Today, our 911 Call Center is moving from their spot at 1111 Locust (next door to Police Headquarters) to a temporary location while the unit is remodeled and the citywide radio system is upgraded. We hope to reopen the new and improved Call Center in April 2011. Here's the full story from our Informant newsletter:
When dispatchers send officers out on a call, they must rely on 911 callers to know what’s happening at the scene. But soon, dispatchers will be able to access live video from cameras city-wide and provide first-hand accounts to responding officers.
“If we know there’s an incident where a camera is located, we should be able to pull up the video before the officers arrive,” Communications Manager Steve Hoskins said.
This new video technology is part of a $50 million project to replace the City’s radio system and completely remodel the police department’s 911 call center at 1111 Locust St. With these improvements, the department will be able to communicate directly with other law enforcement agencies, as well as provide more accurate information to officers who are responding to calls.
The communications unit will relocate to the backup call center at 1328 Agnes on Dec. 14 and construction on the call center at 1111 Locust is schedule to begin the following week.
The remodel includes a new video wall, where they can pull up live footage from cameras throughout the city, including SCOUT cameras, Green Light cameras, video cameras in the Power and Light district, and several others. The Communications Unit will also have access to multiple media sources during critical incidents or severe weather.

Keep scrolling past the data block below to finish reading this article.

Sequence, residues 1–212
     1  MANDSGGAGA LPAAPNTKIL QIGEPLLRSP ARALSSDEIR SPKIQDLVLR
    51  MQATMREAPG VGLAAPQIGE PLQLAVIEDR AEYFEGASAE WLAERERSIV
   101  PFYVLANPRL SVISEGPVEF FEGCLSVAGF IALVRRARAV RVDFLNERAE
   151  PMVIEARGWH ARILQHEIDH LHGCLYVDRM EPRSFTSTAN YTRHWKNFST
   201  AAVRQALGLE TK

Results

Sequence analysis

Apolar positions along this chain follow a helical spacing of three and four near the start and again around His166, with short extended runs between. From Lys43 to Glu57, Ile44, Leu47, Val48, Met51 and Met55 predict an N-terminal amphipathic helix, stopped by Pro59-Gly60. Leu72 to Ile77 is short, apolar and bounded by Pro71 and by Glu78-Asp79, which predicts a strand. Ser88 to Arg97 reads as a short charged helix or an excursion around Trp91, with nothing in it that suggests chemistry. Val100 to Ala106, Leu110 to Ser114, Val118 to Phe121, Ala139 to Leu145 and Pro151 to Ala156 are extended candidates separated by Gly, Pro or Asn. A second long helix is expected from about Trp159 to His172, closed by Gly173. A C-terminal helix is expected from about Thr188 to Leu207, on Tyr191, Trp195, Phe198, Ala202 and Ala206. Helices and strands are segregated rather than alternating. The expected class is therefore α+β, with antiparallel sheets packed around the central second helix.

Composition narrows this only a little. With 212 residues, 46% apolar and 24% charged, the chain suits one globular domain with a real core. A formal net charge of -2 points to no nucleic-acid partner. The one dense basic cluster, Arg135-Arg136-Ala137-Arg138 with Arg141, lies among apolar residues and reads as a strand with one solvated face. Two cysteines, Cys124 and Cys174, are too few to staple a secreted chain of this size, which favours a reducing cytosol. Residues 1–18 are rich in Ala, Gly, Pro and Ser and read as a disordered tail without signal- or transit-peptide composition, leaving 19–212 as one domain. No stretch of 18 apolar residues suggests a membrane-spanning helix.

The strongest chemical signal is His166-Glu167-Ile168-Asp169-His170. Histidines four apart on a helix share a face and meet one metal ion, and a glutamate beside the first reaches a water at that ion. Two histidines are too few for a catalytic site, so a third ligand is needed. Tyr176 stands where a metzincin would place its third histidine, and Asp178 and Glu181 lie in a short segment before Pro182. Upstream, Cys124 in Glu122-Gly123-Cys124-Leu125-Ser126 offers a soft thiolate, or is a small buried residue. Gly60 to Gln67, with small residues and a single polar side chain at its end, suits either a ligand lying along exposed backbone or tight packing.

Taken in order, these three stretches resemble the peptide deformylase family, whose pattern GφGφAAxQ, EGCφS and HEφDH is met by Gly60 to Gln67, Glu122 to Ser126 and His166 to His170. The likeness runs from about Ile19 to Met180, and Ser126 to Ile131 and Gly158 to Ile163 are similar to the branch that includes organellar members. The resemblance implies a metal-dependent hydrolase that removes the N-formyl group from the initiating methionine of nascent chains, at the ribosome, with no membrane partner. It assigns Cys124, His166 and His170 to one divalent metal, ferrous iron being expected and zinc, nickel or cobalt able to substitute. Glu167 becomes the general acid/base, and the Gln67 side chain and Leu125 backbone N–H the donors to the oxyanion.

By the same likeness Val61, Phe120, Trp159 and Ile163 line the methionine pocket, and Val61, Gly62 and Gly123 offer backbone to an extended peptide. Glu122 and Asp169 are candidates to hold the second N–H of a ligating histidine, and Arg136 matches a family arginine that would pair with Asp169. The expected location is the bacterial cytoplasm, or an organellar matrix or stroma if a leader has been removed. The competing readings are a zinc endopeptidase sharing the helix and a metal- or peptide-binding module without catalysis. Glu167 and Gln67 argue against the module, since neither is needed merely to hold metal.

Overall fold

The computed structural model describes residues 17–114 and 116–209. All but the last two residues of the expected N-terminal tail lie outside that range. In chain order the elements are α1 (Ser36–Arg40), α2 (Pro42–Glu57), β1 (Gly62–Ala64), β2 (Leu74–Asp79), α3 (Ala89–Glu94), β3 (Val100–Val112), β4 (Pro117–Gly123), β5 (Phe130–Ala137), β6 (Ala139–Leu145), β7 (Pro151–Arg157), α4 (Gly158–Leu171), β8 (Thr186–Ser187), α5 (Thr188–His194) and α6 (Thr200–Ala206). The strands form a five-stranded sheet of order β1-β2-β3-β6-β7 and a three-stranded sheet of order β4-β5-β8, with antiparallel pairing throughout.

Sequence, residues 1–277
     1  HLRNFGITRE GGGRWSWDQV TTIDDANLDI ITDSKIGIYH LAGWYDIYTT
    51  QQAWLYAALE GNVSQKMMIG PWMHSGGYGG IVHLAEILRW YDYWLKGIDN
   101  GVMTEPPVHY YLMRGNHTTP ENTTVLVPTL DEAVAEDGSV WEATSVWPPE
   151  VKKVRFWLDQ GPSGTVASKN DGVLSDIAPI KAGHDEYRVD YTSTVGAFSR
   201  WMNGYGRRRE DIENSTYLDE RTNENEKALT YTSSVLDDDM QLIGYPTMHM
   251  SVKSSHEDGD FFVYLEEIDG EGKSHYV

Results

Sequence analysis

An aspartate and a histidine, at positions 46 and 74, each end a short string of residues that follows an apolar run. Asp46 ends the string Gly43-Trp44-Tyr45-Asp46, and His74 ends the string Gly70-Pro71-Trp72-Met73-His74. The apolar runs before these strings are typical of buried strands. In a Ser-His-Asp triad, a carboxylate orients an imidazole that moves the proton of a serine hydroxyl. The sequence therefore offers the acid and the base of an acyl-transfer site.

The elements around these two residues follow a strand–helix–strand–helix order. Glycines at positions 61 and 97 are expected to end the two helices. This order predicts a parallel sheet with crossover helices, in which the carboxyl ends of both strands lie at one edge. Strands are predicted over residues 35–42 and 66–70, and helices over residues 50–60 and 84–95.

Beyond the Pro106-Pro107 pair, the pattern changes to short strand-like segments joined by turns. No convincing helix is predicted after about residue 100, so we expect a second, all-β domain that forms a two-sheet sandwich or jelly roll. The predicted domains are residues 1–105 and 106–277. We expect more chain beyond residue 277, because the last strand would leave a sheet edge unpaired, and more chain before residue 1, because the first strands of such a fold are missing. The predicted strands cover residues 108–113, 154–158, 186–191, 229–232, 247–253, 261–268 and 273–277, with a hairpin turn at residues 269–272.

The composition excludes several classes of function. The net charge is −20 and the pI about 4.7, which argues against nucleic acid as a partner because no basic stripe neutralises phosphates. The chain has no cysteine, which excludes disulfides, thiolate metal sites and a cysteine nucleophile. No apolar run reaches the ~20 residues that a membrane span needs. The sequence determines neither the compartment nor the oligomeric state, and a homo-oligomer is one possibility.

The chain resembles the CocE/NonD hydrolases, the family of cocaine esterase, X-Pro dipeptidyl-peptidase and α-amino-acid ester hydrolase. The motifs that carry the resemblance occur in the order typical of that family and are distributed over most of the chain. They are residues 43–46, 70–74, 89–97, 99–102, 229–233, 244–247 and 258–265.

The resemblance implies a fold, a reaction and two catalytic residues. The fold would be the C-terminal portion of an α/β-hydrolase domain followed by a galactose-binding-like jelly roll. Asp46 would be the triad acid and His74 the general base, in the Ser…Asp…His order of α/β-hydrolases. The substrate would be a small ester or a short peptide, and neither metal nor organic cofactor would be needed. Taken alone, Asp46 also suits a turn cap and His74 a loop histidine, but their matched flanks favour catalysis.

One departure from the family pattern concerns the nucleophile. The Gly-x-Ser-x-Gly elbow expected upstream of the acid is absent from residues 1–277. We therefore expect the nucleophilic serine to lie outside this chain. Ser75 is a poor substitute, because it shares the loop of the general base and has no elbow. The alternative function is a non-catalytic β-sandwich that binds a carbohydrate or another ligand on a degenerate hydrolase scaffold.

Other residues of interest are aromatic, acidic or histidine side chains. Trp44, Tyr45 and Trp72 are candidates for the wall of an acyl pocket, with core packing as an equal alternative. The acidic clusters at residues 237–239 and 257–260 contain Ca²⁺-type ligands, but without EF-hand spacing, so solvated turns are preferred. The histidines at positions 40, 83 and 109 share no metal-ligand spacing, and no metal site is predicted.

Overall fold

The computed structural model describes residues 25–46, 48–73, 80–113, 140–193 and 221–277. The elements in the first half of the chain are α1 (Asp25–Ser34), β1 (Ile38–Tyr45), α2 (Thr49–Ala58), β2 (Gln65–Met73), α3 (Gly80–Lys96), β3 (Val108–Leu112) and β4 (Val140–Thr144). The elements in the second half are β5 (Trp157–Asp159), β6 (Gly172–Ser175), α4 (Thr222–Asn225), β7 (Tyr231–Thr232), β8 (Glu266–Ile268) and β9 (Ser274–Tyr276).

The remodel of the Communications Unit also includes tearing down a wall that currently divides 911 call takers from the police dispatchers. The center’s tiered flooring will be ripped out to put all the workstations on a single level. This will allow for the addition of two workstations and more efficient use of the space.
The workstations also will be replaced with versions that can be raised and lowered, allowing staff members to sit or stand as they take or make calls.
When you spend 8 to 12 hours tethered to your station by your headset, you need a break to be able to stand up and move around a little,” Hoskins said.
One other major change will be the replacement of the 15-year old radio system. The new version will be online in the spring and will greatly enhance regional interoperability. It will be interconnected with the radio systems of all cities in Johnson County, Kan., and Independence, Mo. The cities of Riverside, Gladstone, and North Kansas City are going to transition to the Kansas City radio system, rather than maintain their own radio systems.
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